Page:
FIGURE 5. Megamat and Cathedral Hill mats. Temperature profiles measured with the Alvin heat flow probe are marked with colored dots on the photos and plotted profiles in matching colors. The scale bar corresponds to 10 cm. (A) Partial view of hydrocarbon-rich Megamat before coring and sampling. The heat flow profiles show the thermal transition from mat-covered to bare sediment. Alvin heading 219, depth 2012 m, GMT 18:14:26, dive 4562, November 23, 2009. (B) Overview of the microbial mats area at the Cathedral Hill area, a complex of multiple white, gray, yellow, and orange mats next to a small hydrothermal massif. Alvin heading 174, depth 2020.3 m, GMT 18:33:10, dive 4565, November 26, 2009. Seven heat flow temperature gradients were measured on Alvin dive 4565 during a general survey of the area. (C) Temperate mats resembling the Cathedral Hill mats by yellow, white and gray surface colors. Alvin heading 126, depth 2021 m, GMT 18:37:07, dive 4574, December 5, 2009. (D) The small insert in the upper right corner shows a nearby, significantly cooler, white–gray and smooth mat area. Alvin heading 120, depth 2020.7 m, GMT 19:17:40, dive 4574, December 5, 2009. Photographs courtesy of the Woods Hole Oceanographic Institution, from RV Atlantis cruise AT 15-56.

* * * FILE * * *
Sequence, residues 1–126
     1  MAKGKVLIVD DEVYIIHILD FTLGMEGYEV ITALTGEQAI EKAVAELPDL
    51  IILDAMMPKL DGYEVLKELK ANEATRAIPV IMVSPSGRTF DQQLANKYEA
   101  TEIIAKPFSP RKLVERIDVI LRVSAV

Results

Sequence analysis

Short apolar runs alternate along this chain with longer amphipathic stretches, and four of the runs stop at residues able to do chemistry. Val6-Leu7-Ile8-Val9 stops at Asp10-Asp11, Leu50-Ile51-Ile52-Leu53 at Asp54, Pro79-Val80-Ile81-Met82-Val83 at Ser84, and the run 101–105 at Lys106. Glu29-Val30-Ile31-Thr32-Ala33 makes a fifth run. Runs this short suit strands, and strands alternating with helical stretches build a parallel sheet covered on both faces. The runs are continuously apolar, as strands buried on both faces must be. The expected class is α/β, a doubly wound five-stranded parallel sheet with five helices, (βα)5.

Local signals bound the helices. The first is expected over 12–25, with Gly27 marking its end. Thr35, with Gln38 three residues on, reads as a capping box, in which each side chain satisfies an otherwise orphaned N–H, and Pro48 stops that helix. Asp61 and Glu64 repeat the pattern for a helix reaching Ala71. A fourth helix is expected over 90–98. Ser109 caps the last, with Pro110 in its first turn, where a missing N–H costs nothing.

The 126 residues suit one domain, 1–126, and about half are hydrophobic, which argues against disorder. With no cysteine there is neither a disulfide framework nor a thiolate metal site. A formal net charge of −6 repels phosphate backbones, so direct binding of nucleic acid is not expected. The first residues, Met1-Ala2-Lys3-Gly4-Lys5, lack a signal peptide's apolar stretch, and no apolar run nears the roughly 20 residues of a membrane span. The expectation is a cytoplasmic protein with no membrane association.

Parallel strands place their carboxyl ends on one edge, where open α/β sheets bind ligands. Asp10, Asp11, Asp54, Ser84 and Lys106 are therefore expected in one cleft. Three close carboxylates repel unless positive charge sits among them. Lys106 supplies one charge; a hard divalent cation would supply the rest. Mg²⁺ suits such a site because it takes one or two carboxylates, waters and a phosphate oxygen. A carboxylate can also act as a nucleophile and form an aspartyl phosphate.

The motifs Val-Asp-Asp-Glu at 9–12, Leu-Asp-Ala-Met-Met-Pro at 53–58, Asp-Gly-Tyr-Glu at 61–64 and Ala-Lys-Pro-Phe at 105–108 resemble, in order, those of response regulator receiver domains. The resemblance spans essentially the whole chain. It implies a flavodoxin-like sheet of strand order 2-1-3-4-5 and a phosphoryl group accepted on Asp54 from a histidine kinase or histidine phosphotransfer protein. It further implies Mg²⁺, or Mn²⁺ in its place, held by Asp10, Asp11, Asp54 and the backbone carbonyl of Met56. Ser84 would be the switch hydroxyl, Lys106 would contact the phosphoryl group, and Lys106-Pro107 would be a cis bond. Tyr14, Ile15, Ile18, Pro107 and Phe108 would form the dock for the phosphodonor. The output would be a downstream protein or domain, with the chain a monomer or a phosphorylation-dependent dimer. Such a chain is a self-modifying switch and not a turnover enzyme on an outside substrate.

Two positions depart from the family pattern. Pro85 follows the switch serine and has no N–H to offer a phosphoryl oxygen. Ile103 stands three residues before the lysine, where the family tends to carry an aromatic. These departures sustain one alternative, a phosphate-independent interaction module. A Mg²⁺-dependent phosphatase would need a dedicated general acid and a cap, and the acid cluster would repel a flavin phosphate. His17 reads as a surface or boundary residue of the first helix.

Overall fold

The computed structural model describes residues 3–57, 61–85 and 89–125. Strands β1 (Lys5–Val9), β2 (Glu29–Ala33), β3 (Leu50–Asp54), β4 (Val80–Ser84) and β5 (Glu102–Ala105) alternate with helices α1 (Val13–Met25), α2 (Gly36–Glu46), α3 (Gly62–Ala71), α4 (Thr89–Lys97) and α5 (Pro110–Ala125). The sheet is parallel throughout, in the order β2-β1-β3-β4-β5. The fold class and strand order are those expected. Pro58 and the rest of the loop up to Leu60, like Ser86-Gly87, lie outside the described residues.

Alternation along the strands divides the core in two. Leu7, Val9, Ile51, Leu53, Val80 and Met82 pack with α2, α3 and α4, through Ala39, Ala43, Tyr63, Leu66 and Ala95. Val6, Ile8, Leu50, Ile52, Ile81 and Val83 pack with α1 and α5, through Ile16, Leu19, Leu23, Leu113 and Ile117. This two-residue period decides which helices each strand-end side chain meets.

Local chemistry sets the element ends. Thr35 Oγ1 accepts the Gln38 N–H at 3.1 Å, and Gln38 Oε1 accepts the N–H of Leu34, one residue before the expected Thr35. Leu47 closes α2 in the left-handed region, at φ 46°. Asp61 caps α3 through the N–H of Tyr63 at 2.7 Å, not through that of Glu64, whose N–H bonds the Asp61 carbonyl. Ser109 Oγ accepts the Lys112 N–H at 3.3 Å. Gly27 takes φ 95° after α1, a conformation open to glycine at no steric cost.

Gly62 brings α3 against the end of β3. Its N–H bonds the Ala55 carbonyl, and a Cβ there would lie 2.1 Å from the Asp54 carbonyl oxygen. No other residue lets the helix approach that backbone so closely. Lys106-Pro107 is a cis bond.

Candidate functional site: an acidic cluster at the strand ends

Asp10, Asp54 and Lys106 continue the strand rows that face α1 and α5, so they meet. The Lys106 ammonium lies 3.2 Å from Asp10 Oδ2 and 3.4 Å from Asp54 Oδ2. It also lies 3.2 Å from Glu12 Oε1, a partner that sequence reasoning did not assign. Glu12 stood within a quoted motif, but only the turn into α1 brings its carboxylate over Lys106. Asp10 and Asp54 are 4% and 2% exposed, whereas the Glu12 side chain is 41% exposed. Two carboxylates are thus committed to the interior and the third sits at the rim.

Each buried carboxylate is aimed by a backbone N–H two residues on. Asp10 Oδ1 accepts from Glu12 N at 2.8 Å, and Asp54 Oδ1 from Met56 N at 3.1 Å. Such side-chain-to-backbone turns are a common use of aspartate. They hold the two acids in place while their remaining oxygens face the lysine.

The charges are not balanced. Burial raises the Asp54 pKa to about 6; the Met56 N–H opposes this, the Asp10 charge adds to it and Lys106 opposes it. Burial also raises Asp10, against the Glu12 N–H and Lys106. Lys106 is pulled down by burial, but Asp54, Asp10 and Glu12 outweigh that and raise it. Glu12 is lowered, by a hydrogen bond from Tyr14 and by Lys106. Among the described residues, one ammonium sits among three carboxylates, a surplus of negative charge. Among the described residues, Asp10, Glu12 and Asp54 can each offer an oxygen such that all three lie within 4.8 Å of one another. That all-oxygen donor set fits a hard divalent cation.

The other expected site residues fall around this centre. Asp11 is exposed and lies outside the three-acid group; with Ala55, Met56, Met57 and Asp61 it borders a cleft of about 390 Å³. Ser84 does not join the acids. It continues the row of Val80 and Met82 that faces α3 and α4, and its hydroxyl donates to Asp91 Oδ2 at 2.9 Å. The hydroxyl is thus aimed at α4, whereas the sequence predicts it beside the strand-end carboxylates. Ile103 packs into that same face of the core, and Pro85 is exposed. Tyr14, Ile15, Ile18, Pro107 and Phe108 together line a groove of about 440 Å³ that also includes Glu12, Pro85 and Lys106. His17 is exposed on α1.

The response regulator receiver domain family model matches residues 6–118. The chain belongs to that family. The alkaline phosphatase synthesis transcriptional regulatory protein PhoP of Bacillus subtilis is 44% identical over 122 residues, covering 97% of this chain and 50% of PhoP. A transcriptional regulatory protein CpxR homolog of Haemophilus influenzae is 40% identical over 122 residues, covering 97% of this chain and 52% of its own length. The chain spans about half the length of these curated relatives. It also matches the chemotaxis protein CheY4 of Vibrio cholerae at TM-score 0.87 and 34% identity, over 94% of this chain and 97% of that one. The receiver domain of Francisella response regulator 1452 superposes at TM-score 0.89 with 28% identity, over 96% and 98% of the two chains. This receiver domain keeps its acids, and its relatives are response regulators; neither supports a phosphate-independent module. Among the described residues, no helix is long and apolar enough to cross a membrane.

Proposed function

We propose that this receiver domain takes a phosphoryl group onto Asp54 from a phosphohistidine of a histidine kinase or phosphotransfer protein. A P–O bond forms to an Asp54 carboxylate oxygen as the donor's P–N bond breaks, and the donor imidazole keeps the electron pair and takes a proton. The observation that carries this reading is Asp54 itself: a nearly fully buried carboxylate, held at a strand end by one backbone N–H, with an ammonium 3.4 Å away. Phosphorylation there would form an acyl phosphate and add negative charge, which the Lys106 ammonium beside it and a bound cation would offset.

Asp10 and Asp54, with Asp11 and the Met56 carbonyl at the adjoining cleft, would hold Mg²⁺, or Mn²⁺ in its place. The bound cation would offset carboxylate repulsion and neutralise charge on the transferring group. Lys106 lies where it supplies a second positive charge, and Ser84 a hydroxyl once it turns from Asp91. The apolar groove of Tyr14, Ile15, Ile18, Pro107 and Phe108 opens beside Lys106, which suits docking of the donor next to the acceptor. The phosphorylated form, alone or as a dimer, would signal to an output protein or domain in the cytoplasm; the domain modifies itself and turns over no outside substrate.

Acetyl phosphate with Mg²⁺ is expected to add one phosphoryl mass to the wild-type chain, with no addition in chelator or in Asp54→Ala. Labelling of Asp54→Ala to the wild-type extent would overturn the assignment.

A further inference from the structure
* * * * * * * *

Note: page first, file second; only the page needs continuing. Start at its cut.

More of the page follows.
A distinct mat complex near a group of small hydrothermal mounds and chimneys, called “Cathedral Hill,” consisted of a complex mosaic of grayish-colored sediments partially covered by yellow precipitates (Figure 5B). This area was extensively mapped with seven temperature profiles and turned out to be consistently warm or hot, as the sediment gradients varied from ca. 50°C to 120°C at 40 cm depth (Figure 5B); matching porewater profiles indicated methane- and DIC-rich, highly sulfidic sediments with rapid sulfate depletion below the sediment surface (Supplementary Figure S3). The conspicuous yellow precipitates on the sediment surface are not Beggiatoa mats; microscopic examination of such a sediment core (core 4565-6, next to the thermal profile in yellow) revealed filamentous sulfur precipitates that are commonly produced by autotrophic sulfide-oxidizing bacteria of the genus Arcobacter, a member of the Epsilonproteobacteria (Pjevac et al., 2014). Since sulfur precipitates produced by Arcobacter sp. are usually bright white (Taylor et al., 1999), additional factors would be required to account for the yellowish color; a close investigation of these precipitates is certainly warranted.